: $400 At A Glance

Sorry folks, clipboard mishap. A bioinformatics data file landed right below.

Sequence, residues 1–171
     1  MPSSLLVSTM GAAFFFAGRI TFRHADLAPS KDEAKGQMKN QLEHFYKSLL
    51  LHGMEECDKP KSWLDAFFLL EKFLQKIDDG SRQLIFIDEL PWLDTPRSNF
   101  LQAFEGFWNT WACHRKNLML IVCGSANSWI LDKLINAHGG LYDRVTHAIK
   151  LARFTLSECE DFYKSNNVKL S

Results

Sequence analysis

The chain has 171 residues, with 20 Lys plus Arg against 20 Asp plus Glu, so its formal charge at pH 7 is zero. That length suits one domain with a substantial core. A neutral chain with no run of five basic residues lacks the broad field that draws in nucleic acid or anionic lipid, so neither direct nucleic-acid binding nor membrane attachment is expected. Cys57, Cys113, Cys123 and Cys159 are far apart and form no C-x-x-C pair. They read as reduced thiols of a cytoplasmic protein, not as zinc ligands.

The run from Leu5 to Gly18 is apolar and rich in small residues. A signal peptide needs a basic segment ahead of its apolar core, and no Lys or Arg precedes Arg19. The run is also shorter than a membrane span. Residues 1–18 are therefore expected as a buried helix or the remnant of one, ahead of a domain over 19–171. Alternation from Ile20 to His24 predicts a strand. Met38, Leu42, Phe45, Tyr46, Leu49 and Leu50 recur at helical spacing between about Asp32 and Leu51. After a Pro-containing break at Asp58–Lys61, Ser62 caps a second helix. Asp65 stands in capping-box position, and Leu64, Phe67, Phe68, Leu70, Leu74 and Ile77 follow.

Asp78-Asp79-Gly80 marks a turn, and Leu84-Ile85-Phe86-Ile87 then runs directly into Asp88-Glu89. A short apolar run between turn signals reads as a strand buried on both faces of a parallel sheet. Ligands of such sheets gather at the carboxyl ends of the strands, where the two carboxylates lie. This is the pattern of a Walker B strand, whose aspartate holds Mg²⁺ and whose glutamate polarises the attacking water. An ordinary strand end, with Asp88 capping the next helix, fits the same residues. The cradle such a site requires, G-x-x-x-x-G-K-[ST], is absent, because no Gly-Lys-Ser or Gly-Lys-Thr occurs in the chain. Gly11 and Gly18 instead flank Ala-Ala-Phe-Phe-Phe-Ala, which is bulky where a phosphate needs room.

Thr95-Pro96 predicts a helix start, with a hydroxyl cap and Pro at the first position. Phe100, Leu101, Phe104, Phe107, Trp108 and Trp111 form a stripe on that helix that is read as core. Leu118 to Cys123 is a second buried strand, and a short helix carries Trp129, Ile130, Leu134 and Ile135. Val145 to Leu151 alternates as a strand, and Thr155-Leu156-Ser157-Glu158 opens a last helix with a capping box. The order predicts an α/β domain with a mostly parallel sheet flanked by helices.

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In this day of dozens of HDTV channels delivered via hardwired cable or satellite transmission, it’s hard to remember that watching TV wasn’t always quite so easy. Way back when, every television had an antenna connected to it. If you were distant from the transmission tower, you might have had a big mast antenna on your roof, as did your next-door neighbor, and his next-door neighbor, and so on, until the suburban skyline came to be defined by these skeletal sculptures reaching into the bright dawn of a soaring postwar America. If you lived a little closer to the tower, you probably just used the telescopic rabbit ears poking up from the back or top of every set, and the ritual of changing channels (to another of the seven or eight available) involved walking across the room, manually clicking the TV’s rotary tuning knob, and then reorienting the antenna arms to minimize the distortion. Even then, it didn’t always work. Depending on conditions, it wasn’t uncommon to get snowy artifacts from a weak signal, or ghosting caused by multipath reception as the signal bounced off nearby buildings or other large objects.